Climate Chance Observatory
By endorsing the goal “to achieve a balance between anthropogenic emissions by sources and removals by sinks of GHGs in the second half of the century“, the Paris Agreement made States and non-state actors adopt the concept of carbon neutrality and to engage with the idea of “negative emissions”. In this way, not only has the issue of offsetting emissions grown in importance, but also, to a lesser extent, that of capturing carbon for its geological storage or use (Carbon Capture, Utilisation and Storage – CCUS). Currently, most international reference scenarios regarding carbon neutrality (IEA, IPCC) include CCUS technologies to varying degrees, but in view of the past and current difficulties in implementing them, uncertainties remain as to whether they can be rolled out at the scales envisaged.
- Since 2015, there has been a resurgence of interest in CCUS and conditions once again appear favourable for its deployment. But due to a number of uncertainties of an economic (viability of CCUS), technical (safety during the various stages of the production chain) and strategic (the relative share of CCUS in decarbonisation strategies) nature, private actors and public authorities are still hesitant to embark on industrial-scale projects or infrastructure financing.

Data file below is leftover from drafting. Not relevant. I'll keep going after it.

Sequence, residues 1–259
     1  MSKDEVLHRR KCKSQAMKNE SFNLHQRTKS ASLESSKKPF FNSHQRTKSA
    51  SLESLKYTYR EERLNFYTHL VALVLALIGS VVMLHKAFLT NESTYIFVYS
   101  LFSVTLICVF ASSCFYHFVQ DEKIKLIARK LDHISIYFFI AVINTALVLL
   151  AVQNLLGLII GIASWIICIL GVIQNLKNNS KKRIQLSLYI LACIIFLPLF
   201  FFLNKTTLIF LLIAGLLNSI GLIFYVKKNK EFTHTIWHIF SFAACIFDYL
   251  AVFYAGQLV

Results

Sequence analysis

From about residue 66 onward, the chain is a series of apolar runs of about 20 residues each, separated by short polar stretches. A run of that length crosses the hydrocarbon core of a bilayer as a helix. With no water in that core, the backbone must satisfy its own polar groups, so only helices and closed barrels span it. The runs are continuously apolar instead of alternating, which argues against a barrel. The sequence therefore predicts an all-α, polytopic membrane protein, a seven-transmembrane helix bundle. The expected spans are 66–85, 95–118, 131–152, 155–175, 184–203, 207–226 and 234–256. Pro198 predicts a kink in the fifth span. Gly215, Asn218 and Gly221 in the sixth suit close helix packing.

- Currently, although CCUS is increasingly presented as relevant for certain business sectors (such as for reducing emissions from heavy industries) and certain applications (especially for NET deployment), it is still considered by political actors as a secondary solution or a back-up solution if the other decarbonisation mechanisms fail.
- At a social level, it is not the subject of lively debate and continues to be largely ignored outside certain specific spheres (NGOs, bodies specialising in the energy transition) or during attempts to implement local projects. Few political, institutional and regional players have thrown their weight behind it. For these reasons, large-scale deployment at least of the order of a gigatonne per year from 2030 as envisaged by the IEA or in certain IPCC scenarios, is unlikely.